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Violence Dogs University of Miami Football Program

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Violence Dogs University of Miami Football Program

Violence Dogs University of Miami Football Program

Violence Dogs University of Miami Football Program

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  • <iframe src="" width="100%" height="290" frameborder="0" scrolling="no" title="NPR embedded audio player">
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A history of violence seems to surround the football team at the University of Miami. The recent murder of a star player has raised the question of why violence has swirled around the program for years.


This is DAY TO DAY from NPR News, I'm Madeleine Brand.


I'm Alex Chadwick.

It's been a terrible year for the University of Miami's football team, and that has not even counting the Hurricanes disappointing record of five wins and six losses. Much worse, was the murder this month, of defensive linemen Bryan Pata.

As NPR's Greg Allen reports from Miami, violence has dogged the program, on and off the field.

(Group)(Singing Amazing Grace): I once was lost but now...

GREG ALLEN: Gusman Hall at the University of Miami is usually a venue for concerts. Last week though, it was the site for a sad occasion, a memorial service for 22-year-old Bryan Pata.

(Group)(Singing): ...but now I see.

ALLEN: Hundreds of University of Miami students, faculty, and other members of the community came to say goodbye to Pata, a star player who was shot and killed November 7th outside his off-campus apartment. Miami Head Coach Larry Coker

Mr. LARRY COKER (Miami Head Coach): Bryan Pata was a good football player. Those that tried to block him, they certainly know that he was a terrific football player. The thing I remember most of all, is like many have said, Bryan's smile - he played with a lot of passion.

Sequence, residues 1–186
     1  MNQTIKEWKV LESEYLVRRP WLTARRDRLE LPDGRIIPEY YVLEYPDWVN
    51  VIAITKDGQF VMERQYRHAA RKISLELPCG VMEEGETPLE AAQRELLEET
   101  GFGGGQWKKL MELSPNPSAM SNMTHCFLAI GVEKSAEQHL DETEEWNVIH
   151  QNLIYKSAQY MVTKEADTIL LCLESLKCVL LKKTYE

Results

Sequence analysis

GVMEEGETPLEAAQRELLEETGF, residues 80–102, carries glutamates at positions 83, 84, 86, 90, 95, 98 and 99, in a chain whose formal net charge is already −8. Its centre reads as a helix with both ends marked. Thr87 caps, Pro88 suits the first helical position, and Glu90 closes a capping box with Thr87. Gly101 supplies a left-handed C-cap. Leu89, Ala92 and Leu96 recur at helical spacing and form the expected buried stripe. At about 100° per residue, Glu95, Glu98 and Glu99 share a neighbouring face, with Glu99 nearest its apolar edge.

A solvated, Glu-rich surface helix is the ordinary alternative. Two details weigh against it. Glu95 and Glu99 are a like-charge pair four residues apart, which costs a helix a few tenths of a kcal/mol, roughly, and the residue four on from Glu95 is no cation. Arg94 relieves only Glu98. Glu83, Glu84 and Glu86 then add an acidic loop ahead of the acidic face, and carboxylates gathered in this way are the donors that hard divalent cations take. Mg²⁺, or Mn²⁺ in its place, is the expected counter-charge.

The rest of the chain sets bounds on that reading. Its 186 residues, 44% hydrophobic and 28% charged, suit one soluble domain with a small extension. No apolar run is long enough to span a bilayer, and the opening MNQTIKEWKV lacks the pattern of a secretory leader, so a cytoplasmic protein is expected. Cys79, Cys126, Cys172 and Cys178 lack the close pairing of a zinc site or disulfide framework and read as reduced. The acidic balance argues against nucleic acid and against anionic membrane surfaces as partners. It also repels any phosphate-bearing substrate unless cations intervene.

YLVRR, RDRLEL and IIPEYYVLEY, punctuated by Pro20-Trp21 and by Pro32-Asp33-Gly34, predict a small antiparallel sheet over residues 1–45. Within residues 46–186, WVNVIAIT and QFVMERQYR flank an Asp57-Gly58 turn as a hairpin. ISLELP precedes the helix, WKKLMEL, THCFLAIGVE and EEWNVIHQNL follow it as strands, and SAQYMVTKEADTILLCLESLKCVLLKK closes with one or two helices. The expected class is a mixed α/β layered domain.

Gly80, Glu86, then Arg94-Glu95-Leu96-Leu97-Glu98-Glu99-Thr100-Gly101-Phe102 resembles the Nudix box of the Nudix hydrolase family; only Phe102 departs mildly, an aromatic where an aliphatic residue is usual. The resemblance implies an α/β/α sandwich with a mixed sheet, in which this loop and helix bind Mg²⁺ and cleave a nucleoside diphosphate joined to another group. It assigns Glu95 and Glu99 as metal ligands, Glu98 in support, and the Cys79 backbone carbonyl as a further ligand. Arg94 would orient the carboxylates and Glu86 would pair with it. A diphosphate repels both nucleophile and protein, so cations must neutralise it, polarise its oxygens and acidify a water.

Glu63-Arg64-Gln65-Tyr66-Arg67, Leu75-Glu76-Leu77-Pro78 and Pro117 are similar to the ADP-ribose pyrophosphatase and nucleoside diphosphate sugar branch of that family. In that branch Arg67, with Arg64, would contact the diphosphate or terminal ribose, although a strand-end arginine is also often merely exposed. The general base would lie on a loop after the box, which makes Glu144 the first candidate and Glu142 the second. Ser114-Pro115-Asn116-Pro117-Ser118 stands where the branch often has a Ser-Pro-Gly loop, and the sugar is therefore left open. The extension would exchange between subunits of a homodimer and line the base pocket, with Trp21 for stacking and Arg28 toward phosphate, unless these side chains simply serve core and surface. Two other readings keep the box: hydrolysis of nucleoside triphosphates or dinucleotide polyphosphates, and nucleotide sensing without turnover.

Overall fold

ALLEN: Police have released few details about Pata's murder. The Hurricanes cancelled practice the day of his funeral, but have played all the games on their schedule.

Bryan, they say, would have wanted it that way. Pata was more than just a well-loved player, he was a force on the Hurricane's defensive squad and an NFL prospect.

Anthony Saunders coached Pata at Miami Central High School.

Mr. ANTHONY SAUNDERS (Coach, Miami Central High School): On the football field, he was a dominator, you know. He's one of them kids, was six-four, probably about 275 when in high school. And he was the strongest kid out on the field, so he almost like dominated people when he was here at Miami Central.

ALLEN: Saunders says Pata was heavily recruited, but only was ever interested in one school, the University of Miami - it's long been a pipeline to the NFL and drawn heavily on local Miami talent. But staying close to home in a tough urban environment may carry its own risks. In July, another Hurricanes player, Willie Cooper, was shot and wounded outside his home. A teammate, Brandon Merriweather, who was with Cooper at the time, returned fire with his own semi-automatic.

Ten years ago, another player, Marlin Barnes, was also murdered at his off campus apartment. This year, Miami season has also been marred by a different type of violence at the Hurricanes game against cross town rival Florida International University. Play-by-play on Comcast sports was by Jason Sludka(ph).

(Soundbite of Comcast Sports coverage)

Mr. JASON SLUDKA (Commentator, Comcast Sports): Another melee out in the field, this one is getting out hand. Flags are all over the place. And this is ugly, very ugly.

ALLEN: During the bench-clearing brawl, one Miami player swung his helmet as a weapon. Another was seen trying to stomp on opposing players. Afterwards, one player was suspended for the season, the rest involved received one game suspensions.

Bruce Feldman is a writer for ESPN Magazine, who's followed the Hurricanes since he attended Miami in the early 1990s. He doesn't believe there's any connection between the violence that has followed Hurricane football on the field, and off the field. In recent years he notes, Miami players had been involved in far fewer off-the-field incidents than many other big football programs.

Mr. BRUCE FELDMAN (Writer, ESPN Magazine): That's the irony here, is they clean themselves up. And then because of this brawl I think it opened up and it let a lot of people who were really turned off by Miami, it brought that image back. And it was like see, they haven't changed.

ALLEN: Sitting outside the Starbucks on the University of Miami campus, sophomore Brad Gage(ph) agrees, that Brian Pata's death and other incidents are once again casting his school in an unfavorable light.

Mr. BRAD GAGE (Sophomore, University of Miami): People see us negatively. I get a lot of people asking like, what's going on down there? And like, are you safe? Over the Bryan Pata thing, I mean, it really didn't have much to do with the football team. I mean, the murder didn't have to do with that. But it's just um - slowly people are getting a negative outlook on our university. It's unfortunate because - for the university.

ALLEN: Compounding Miami's image problems, is the team's poor record. Unless they win next week against Boston College, the Hurricanes won't qualify for a post-season bowl game, something that hasn't happened since 1997.

Greg Allen, NPR News, Miami.

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